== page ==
I BASKI/. Oct. 26.?Berlin papers
commenting on President Wilson's
note agree that while It is drastic
that It will bring the wholo caso to
The Zoltung comments on the fact
that President Wilson answered so
quickly that there can be no doubt
about his meaning. It says:
"If the Kaiser's Invocation that
Clod be with him was ever In sea
son. It Is right now."
The Neusto N'achrlchten. after say
ing that tho President has left Ger
(Continued on Pago Might.)
PRESIDENT ASKS I
PEOPLE TO VOTE
A/ilson Wants Democratic
Congress as Endorse
ment of Administra
tion in War.
WASHINGTON, Oct. 26.? Realiz
ng the great necessity of undivided
.upport in the face of the great
vorld's crisis on the event of elec
ions at home, President Wilson to
lay issued an appeal to the public,
jrging the people to return a Demo
iratic Congress at the November elec
ions if they approve his course in
his critical period. He said the re
urn of a Republican majority would
certainly be interpreted across the
vaters as disapproval of the admin
stration policies. He said he would
iccept the verdict of the people with
>ut cavil, but added that an adverse
verdict v/ould seriously interfere with
lis power to administer the great
rust imposed upon him.
The statement says:
"Congressional elections are at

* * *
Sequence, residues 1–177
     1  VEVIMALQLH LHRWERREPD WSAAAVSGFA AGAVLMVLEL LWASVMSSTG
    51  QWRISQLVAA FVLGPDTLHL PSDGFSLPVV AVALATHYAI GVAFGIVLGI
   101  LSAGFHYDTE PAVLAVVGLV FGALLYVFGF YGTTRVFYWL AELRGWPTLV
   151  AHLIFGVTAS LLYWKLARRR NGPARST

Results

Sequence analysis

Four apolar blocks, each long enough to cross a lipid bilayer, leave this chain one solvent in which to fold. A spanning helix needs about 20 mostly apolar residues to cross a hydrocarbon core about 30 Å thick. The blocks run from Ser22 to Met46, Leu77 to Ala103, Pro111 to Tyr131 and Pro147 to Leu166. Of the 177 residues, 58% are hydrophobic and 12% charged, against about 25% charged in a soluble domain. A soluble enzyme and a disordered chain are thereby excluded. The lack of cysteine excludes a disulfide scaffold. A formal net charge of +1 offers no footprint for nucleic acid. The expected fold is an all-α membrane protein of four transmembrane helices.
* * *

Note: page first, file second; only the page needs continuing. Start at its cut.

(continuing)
land in the most critical period the
country has evtr faced, and is ever
ikely to face.
"If you approve my leadership, if
(ou wish me to continue to be your
embarrassed spokesman, I beg you
:o express yourselves unmistakably
;o that effect by returning a Demo
cratic majority to Congress, because
to many critical issues depend upon
"I frankly tell you the great trust
issigned me by the Constitution
vould be seriously impaired, should
four judgment be adverse.
?'I am your servant and will accept
four judgment without avail.
"I have no thought suggesting any
party is paramount in patriotism.
"The difficulties and delicacies of
the present task are such that the
Nation should give undecided sup
port to the Government for a unified
"A Republican Congress at this
time would divide the leadership.
The leaders of the minority of the
present Congress unquestionably are
pro-war supporters, but anti-adminis